Quantcast

Environmental Groups Vow to Block Tar Sands Oil Project: 'We Are Going to Not Allow Kinder Morgan to Finish This Pipeline'

Energy
Emma Cassidy / Greenpeace

By Andy Rowell

As the clock ticks down until the May 31 deadline for the controversial Kinder Morgan Trans Mountain pipeline project, which will triple the amount of tar sands being transported from Alberta to the British Columbian coast, the campaign against its expansion is spreading abroad.

On Sunday in Seattle, more than 120 miles south of where the pipeline hits the coast, hundreds of "kayactivists" took to the water to protest against the pipeline.


They were part of a demonstration by the U.S. environmental groups Mosquito Fleet, Greenpeace USA and Sierra Club that organized a rally in the city against Kinder Morgan's proposed pipeline expansion.

Tensions are certainly rising. Kinder Morgan has given the federal government of Canada until the end of the month to resolve outstanding financial and legal issues surrounding the pipeline. Last week, in order to appease the Texan oil company, Trudeau's government announced that it will effectively give Kinder Morgan a "blank check" "to indemnify" the pipeline "against any financial loss," suffered if they build the pipeline.

The move seems to have backfired and emboldened everyone fighting the pipeline. And as the May 31 deadline gets closer, there is a growing awareness not only of the threat that the pipeline poses to the climate, but also to marine life as it would massively increase the tanker traffic up the west coast of Canada and the U.S.

Indeed, last week the Natural Resources Defense Council warned Kinder Morgan that the pipeline project, could be "illegal" under the Endangered Species Act, which is seen as one of the world's strongest species protection laws.

"It's not just about the spills, it's not just about the orcas," said Graham Clumpner, one of the paddlers with the Mosquito Fleet: "The bigger issue that we are all facing is climate change," he said. "We are going to not allow Kinder Morgan to finish this pipeline."

Ben Smith from Greenpeace USA added, "It would make climate change worse, it would trample Indigenous rights, it would run over our clean water here, and it would decimate the final 76 remaining orcas, the Southern Resident killer whale in our waters."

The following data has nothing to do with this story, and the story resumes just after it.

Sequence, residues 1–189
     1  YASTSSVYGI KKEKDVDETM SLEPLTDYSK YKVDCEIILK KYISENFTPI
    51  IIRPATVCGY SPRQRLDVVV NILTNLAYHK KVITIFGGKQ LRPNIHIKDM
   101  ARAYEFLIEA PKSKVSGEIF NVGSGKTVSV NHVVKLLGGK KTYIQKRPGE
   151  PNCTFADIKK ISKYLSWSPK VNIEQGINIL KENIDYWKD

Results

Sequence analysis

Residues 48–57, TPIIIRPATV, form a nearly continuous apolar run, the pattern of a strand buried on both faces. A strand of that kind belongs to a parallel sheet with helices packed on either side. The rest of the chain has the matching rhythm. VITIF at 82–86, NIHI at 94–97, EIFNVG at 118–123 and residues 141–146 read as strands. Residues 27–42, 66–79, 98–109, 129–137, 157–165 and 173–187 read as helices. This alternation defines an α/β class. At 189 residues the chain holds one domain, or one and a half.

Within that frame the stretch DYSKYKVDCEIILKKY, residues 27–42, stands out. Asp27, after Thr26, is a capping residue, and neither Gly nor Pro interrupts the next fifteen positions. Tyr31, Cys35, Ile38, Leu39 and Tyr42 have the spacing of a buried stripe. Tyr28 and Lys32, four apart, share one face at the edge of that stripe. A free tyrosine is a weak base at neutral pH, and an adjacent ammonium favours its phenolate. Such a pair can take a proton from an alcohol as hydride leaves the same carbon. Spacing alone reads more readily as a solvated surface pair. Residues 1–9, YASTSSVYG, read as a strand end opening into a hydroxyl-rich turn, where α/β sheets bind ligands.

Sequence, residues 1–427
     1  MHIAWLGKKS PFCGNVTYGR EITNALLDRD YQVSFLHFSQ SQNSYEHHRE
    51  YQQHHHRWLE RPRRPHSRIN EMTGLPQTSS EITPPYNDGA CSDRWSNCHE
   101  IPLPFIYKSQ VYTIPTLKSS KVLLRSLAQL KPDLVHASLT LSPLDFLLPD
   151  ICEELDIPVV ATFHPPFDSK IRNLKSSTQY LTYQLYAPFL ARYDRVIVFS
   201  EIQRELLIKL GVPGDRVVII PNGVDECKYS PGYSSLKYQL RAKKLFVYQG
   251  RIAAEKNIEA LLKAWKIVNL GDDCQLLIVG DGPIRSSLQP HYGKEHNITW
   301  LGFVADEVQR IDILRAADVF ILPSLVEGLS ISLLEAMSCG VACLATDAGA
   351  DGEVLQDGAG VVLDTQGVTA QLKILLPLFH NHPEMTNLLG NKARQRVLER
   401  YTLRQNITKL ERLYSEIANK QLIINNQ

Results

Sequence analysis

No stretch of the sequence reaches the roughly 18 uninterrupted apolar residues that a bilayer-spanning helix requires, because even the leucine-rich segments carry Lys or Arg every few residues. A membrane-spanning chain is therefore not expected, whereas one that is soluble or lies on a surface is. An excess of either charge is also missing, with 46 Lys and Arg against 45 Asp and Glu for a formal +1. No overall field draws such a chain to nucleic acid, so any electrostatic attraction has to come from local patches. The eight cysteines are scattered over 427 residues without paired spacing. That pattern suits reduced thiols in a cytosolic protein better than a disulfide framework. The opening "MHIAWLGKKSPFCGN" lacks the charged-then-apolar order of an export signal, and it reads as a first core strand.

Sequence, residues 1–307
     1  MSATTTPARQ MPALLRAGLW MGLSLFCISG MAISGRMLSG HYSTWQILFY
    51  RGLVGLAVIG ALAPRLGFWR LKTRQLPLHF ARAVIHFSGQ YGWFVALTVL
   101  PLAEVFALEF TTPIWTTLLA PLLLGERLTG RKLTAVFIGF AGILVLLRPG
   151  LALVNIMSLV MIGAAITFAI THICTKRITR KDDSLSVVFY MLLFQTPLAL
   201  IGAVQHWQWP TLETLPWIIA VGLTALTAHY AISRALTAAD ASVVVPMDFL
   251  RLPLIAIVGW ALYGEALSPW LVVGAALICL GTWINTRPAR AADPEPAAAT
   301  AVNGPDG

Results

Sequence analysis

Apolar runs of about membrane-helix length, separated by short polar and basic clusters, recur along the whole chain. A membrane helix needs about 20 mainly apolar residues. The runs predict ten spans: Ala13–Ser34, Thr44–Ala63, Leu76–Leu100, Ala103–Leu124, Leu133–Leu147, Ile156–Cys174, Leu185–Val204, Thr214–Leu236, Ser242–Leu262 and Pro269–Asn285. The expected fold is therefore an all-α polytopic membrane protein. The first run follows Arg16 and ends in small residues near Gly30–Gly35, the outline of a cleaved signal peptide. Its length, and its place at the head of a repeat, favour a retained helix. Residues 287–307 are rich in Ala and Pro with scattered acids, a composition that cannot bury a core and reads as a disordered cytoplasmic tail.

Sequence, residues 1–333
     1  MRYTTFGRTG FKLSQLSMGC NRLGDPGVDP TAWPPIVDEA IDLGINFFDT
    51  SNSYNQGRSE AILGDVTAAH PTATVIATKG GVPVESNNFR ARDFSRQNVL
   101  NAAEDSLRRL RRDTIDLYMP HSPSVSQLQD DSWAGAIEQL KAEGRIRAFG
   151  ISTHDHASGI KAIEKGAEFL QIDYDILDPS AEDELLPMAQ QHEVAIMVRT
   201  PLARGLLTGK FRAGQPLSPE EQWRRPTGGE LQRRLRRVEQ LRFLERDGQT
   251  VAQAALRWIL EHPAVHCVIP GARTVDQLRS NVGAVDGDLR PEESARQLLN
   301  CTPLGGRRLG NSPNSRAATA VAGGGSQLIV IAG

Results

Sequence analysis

At the rally yesterday, one of the speakers was Cedar George-Parker from the Tsleil-Waututh Nation, who have been leading the community opposition to the pipeline in British Columbia. "They want to bring that oil through here, but we say that we will stop Kinder Morgan," George-Parker said. "It is not happening."

Not only is the resistance growing from the local community, indigenous rights groups and local and U.S.-based environmental groups to the pipeline, but even the financial community thinks the economics and changing energy market is stacked against it. Wal van Lierop is president and CEO of Chrysalix Venture Capital.

Writing in the Globe and Mail Sunday, Van Lierop pointed out what many people having been saying to Trudeau for months, but what the Canadian prime minister has flatly ignored: "There is also growing consensus that the world is going through an energy transition," he wrote, before likening the current energy transition to a baseball game, where "we could see the stages of its progression over the past decade."

In the first inning, argued Van Lierop, "coal lost to gas in the competition for power generation in North America and Europe; solar and wind lit up the scoreboard with incredible cost reductions in the second inning; but in the third, shale oil and gas rallied, creating an energy boom in U.S. gas and making that country the international swing player—supplanting OPEC in that position."

Van Lierop added: "Now we are entering the fourth inning, with a playing field of abundant cheap energy and midway through the ball game it looks like the players highest on the cost curve will be the ones striking out. Those players will likely include both new projects in Arctic oil and the oil sands, as their business case makes them weak in a game where cost is key."